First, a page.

Walk This Way…

David Wakeling


Self-released, 2015

Review by Kent Manthie                                                                 detour-front

Our old friend, David Wakeling is back with a new CD. His last release was an album of covers, which were great interpretations of others’ tunes, including a great version of Todd Rundgren’s “It Wouldn’t Have Made Any Difference” as well as a much-better-than-Rod-Stewart’s-version of Tom Waits’s “Downtown Train”, not to mention stuff by James Taylor, Dave Grusin and more.

This time out, Dr. Wakeling’s new release, Detour is full of originals like his other albums. Quite an able songwriter as well as a musician, he really does a fine job, here, on Detour.

Actually, Wakeling includes one cover and an old standard, “Doctor! Doctor!” is a cover of the 80s hit by the Thompson Twins and is used, quite aptly, I thought, in an intro type of way, with only about a minute or so of it, then going into “What Will it Take”. “Paper Moon”, is the old crooner standard, written by Harlen/Harburg/Rose, but the rest of the album is nicely filled out by such great songs of his own, including “Proof of Life”, “It’ll Be Alright”, “Sonny Boy” and the quiet, acoustic ballad, “Might Have to Write a Love Song”.

Alternating his time between his medical work (he’s a medical doctor), whether in the ER or in a less busy clinical setting, and the world of songwriting and making music, David sure keeps busy. But on those precious off-days from the hospital, he composes music and works on his chops, keeping up with the musical scene as much as he can. He seems to be forging ahead pretty well, after about three or four albums under his belt and he sees to be going up, up, up.

The songs on Detour definitely seem to show more confidence than the previous releases, though, not a pompous alienation of the past. It’s still the same David, thoughtful, poetic lyrics, good melodies in the music. The album seems to go into a more jazzy vein, like the kind you might hear at a jazz club or a hipster bar in a nice part of downtown. “Proof of Life” is also a quiet, acoustic number, but has an uptempo, jazzbo style to it.

Actually, to tell the truth, the whole album is based on hushed, acoustic guitar-based, drumless melodies, sung with much verve and the aforementioned poetic lyrics that really shine. It shows that Wakeling’s not staying in one spot, but experimenting with styles and also changing things up, album to album.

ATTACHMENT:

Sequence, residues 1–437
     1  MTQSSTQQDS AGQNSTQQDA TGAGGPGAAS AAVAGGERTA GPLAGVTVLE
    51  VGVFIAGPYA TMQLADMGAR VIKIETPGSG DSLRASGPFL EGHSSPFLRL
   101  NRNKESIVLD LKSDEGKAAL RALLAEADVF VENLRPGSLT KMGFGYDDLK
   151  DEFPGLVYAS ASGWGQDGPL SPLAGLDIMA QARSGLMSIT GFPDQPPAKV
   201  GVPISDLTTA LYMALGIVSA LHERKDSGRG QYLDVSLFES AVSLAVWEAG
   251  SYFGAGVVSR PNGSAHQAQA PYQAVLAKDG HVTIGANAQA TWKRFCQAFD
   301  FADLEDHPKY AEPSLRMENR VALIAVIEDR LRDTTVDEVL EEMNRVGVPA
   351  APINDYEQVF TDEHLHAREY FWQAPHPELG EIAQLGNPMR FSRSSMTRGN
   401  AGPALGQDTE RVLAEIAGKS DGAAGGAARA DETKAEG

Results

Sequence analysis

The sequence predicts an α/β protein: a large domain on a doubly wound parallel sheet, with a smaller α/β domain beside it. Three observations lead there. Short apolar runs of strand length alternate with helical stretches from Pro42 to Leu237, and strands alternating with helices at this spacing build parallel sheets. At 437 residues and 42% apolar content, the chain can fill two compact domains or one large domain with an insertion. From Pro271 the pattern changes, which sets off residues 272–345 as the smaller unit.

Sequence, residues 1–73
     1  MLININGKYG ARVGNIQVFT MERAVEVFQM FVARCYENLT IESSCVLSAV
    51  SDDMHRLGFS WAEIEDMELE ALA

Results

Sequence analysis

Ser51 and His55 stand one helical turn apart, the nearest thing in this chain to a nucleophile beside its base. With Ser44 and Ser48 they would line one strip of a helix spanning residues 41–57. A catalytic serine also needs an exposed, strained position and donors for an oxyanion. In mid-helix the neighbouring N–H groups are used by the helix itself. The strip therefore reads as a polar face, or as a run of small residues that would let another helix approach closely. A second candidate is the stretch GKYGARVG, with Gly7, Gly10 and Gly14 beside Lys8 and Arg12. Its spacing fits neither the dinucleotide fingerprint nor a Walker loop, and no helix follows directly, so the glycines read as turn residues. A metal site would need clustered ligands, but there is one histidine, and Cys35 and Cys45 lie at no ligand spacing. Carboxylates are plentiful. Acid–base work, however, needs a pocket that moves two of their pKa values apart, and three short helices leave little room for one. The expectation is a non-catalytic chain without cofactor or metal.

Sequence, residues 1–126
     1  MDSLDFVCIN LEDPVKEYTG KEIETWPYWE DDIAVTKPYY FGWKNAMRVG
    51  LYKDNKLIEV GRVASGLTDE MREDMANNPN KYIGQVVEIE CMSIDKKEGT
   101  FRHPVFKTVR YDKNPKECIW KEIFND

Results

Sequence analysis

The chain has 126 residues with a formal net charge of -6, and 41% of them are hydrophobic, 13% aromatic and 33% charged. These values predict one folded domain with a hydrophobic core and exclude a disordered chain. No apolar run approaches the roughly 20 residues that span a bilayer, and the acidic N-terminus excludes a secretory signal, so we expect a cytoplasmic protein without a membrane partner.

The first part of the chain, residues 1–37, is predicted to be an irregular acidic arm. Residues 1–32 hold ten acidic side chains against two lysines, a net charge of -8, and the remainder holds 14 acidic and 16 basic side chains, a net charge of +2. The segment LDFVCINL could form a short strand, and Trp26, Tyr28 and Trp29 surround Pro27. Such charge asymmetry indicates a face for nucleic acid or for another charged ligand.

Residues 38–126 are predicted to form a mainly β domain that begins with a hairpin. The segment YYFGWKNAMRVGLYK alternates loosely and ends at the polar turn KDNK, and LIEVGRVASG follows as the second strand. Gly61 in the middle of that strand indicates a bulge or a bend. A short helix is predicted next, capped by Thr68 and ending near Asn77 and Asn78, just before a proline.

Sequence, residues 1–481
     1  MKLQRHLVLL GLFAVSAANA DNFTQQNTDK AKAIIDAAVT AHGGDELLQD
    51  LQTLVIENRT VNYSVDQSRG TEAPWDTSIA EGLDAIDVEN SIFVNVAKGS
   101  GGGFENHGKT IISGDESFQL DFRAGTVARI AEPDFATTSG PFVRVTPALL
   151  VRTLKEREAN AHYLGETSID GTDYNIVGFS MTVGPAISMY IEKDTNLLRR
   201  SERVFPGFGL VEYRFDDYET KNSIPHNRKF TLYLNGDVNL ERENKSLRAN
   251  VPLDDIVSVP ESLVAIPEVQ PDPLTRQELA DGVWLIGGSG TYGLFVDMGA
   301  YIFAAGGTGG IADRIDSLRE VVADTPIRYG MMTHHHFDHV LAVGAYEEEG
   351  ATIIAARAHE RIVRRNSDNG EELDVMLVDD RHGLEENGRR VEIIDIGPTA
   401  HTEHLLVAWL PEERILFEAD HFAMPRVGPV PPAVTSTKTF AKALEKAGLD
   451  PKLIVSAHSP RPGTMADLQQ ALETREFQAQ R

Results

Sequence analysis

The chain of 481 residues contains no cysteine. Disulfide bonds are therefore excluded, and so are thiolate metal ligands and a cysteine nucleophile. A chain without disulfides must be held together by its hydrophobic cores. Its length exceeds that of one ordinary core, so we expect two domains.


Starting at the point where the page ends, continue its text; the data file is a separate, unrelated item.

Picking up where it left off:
This is a very easy album to listen to, the mellowness of the tunes belie an intricate, complex songwriting behind it all. It’s great to have independent singer-songwriter musicians, such as David, making his own stuff, with no one breathing down his neck. A refreshing change from the typical fare one hears on the radio, over and over again, this is something one can enjoy at one’s leisure in the solitude of one’s home or in the car or out and about on your iPod. Very easy on the ears and a good batch of songs here. I’m hoping he comes back soon with another release that shows off this great lyrical ability and the catchy melodies.

For those whose interest has been piqued and want to find out more about David Wakeling and his music and/or find a way to purchase this CD, you can visit his website, Wakeling Music, just by clicking here: https://www.wakelingmusic.com – there you can find out more about the man and his music as well as order this album or older ones (see my previous reviews on his last two albums for a guide). Anyway, happy listening and hope you pick up a copy. We need more of these iconoclastic types in the music scene to keep the overly soundalike top 40 pap at bay.

Like I said, I hope the good doctor brings some more good medicine our way soon! -KM.


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